nother list, another opportunity for people to debate who belongs on it. You can pick apart our list of the 10 Romantic Composers You Need to Know or you can stay here and let us know which of your favorite Classical era composers you think we've left off this list.For the sake of clarity – "Classical" here refers to the specific period of musical output that sits between the Baroque and Romantic periods, roughly 1750 through 1820. Not "classical music" as the term is used colloquially. The lines between periods aren't firm separations.
Most music scholars mark 1750 as the year when Baroque ended, and the Classical Era began because that's when Johann Sebastian Bach (1685 – 1750) died. Bach was the quintessential Baroque composer, which was one reason his later works were not generally well-received by contemporary audiences. However, he wove aspects of Classical formalism and idealism into one of his most famous works today, The Goldberg Variations.
Another Baroque great, George Frideric Handel (1685 – 1759), was admired by and influenced the greatest of the classical conposers to come: Mozart and Beethoven. Messiah, which Handel composed late in life, is one of his most famous works today.
It contains High Baroque hallmarks, such as operatic structure and choral counterpoints. Its religious theme is Baroque. Yet it was composed with comparatively lean, simple scoring.
Our Top Composers of the Early Classical Period
Carl Phillip Emanuel Bach (aka CPE Bach) (1714 – 1788), one of the sons of famous composer J.S. Bach, he is a standout of the early Classical period. Every cellist is familiar with his cello concertos. Here is his Cello Concerto in A major.
Christoph Willibald Gluck (1714-1787) is known for his advances in opera. Specifically, he fused both the Italian and French operatic styles to create a more Classical, cosmopolitan opera form. Many of his innovations resulted in a simpler, more lyrical, melodic style that made it easier for audiences to understand the words being sung.
Antonio Soler (1729 -1783) scope of interests reflect well this period moving from Baroque to Classical. He was a monk and mathematician, in addition to being the maestro de capilla at a Spanish monastery. Soler wrote treaties on harmony and math. His compositions were primarily for keyboards, but he did also write a number of quintets for keyboard and strings.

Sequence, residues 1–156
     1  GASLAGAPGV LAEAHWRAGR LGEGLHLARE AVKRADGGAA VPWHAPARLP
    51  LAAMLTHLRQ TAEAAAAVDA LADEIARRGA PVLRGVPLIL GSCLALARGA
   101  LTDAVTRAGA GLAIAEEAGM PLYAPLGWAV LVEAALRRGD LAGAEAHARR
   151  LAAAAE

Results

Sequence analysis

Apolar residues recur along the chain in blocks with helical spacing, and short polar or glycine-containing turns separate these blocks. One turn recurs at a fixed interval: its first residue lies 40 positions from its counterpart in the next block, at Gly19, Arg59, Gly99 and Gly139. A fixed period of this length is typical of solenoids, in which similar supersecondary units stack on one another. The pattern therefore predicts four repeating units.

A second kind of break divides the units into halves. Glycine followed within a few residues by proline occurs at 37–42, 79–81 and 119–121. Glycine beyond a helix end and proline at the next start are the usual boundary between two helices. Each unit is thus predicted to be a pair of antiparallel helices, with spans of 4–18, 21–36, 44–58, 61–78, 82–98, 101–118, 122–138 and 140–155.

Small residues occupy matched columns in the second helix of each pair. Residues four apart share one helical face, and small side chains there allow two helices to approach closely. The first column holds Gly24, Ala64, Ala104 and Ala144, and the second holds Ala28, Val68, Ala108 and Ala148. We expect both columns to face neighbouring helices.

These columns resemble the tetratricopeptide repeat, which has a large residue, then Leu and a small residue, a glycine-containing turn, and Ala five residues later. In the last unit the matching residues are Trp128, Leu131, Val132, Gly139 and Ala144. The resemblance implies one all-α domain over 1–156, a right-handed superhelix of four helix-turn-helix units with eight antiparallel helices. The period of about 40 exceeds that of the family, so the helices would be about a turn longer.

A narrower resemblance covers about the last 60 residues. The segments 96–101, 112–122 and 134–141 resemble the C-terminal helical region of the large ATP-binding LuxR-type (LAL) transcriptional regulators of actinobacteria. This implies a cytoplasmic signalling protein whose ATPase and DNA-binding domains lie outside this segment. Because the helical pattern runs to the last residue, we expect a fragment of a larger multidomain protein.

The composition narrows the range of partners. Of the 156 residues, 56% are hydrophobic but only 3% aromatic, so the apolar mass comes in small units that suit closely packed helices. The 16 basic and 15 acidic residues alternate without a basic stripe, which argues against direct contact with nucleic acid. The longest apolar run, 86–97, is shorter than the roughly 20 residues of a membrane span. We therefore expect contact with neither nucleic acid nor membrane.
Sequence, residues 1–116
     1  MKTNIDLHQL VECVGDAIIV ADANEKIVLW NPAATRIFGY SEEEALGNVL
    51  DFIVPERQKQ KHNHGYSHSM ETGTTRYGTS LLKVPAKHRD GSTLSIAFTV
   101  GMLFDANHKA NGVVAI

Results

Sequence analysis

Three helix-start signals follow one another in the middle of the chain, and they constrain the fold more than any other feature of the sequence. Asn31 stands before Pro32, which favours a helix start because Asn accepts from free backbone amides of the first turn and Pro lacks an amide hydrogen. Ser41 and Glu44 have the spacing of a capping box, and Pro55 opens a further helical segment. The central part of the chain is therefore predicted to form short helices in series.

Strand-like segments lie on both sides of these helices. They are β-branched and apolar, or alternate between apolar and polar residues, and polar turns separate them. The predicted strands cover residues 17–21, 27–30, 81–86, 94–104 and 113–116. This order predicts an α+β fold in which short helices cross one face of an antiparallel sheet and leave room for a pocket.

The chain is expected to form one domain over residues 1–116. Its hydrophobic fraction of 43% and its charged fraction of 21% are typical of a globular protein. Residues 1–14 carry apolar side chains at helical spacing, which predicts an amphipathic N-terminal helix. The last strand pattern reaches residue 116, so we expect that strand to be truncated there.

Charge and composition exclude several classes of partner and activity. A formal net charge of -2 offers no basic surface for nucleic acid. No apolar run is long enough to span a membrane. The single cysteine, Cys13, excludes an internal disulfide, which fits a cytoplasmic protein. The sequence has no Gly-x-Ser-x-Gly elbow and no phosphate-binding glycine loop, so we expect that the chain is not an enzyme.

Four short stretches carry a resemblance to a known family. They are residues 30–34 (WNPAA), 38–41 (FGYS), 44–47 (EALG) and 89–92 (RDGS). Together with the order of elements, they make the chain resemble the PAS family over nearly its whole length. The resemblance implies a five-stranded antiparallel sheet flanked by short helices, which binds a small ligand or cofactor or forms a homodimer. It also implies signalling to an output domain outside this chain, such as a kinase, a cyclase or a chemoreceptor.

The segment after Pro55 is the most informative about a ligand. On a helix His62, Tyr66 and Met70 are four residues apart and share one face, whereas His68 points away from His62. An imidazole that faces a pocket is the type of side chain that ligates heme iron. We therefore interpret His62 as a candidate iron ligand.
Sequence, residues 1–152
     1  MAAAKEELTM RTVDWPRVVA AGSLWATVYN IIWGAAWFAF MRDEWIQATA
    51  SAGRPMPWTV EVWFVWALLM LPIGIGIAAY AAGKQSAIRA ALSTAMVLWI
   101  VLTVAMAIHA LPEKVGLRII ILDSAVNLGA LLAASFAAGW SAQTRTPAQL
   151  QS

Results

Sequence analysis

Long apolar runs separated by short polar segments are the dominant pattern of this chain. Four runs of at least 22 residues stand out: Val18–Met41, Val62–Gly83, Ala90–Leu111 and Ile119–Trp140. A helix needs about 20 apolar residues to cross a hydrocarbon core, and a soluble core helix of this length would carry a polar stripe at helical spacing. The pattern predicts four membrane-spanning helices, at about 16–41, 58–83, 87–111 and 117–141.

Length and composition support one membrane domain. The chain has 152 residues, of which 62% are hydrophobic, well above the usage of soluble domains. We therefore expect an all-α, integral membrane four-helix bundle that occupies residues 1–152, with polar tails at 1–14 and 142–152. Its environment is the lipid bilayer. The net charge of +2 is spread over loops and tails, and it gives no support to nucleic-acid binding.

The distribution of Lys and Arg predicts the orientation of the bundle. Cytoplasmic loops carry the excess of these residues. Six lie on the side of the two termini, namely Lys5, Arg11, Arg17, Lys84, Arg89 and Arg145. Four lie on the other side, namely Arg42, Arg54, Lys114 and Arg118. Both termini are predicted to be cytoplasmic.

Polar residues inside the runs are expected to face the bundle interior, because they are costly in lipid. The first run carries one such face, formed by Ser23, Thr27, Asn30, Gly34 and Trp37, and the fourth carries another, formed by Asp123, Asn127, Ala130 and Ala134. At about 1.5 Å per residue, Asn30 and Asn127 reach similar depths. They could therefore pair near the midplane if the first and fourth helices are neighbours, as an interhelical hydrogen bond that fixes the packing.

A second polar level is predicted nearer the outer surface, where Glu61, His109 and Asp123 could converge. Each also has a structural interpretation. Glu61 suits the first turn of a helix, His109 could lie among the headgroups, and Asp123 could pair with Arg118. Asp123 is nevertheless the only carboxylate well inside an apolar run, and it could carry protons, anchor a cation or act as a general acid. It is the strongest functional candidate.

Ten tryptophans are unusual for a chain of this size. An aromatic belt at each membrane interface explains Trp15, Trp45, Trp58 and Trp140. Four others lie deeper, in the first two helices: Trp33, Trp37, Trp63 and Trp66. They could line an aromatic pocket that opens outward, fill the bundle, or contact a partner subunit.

Composers of the middle classical period
Franz Joseph Haydn (1732 – 1809) is known as both the "Father of the Symphony" and the "Father of the String Quartet." He codified both these forms as we know them today. In doing so, he moved on from the rococo freestyle evident in the early Classical period. We can hear this new formalism in his String Quartets, Op. 20 (1772).
Luigi Boccherini (1743 – 1805) is known mostly for cello sonatas and concertos. He died in poverty, which makes it extra unfortunate he's not around today to earn royalties for how often his music is used in films. Boccherini's Minuet from the String Quintet Op. 13, no. 5 is a particularly familiar favorite.
Princess Anna Amalia, of Brunswick-Wolfenbüttelncess (1739-1807) was able to use her social position and power as regent to her infant son, to turn her duchy into a major cultural center in Germany. However, she was more than a patron of the arts. Working with the likes of CPE Bach, she was a composer of renown in her own right. Here's here Divertimiento in B-flat Major:
Composers of the late classical period
Antonio Salieri (1750 – 1825) did not kill Mozart, great movie adaptions notwithstanding. The Italian composer and conductor, was in fact, highly influenced by Gluck. As a result, Salieri primarily composed operas. His Les Danaïdes was originally a commission for the older composer. However, Gluck could not take it on and Salieri ultimately composed the score.
Muzio Clementi (1752 – 1832) could credibly be considered one of the driving forces in the pianoforte replacing the harpsichord; a key marker of the transition from Baroque to Classical music. This was perhaps because Clementi manufactured pianos in addition to composing for them. His masterwork, Gradus ad Parnassum, is a collection of 100 exercises for solo piano. He did, however, compose a number of sonatas for piano and violin, such as this sonata for piano and violin Op 4 No 2 in E flat major:
Wolfgang Amadeus Mozart (1756 – 1791), a child prodigy who died much too young. Even so, he was a prolific composer across the full spectrum of forms, mastering and innovating on them all, from opera to serenades. One his best compositions centering strings is his String Quartet No. 5 in D major.
Joseph Bologne (aka Chevalier de Saint-Georges) (1739 – 1799) was born a slave in Guadeloupe and became a maestro of fencing and the violin. He is also a leader in the evolution of the Baroque concerto grosso by blending it with an instrumental solo concerto, creating the symphonie concertante. Here is the first movement of his Symphonie Concertante in G major.
Beethoven ushers in the Romantic Era with a Classical foundation
Ludwig van Beethoven (1770 – 1827) was born at the start of the Classical Era – raised and trained in its compositional forms and values. However, the force of his personality and talent took the objective, rational, logical vocabulary of Classical music and used it to make emotionally explosive symphonies and chamber music. His one his most challenging string quartets, String Quartet No. 14, Op.131.
You can enjoy this work, and more of the greatest compositions from the Classical Era with our Spotify playlist, "A Little Classical Period Night Music."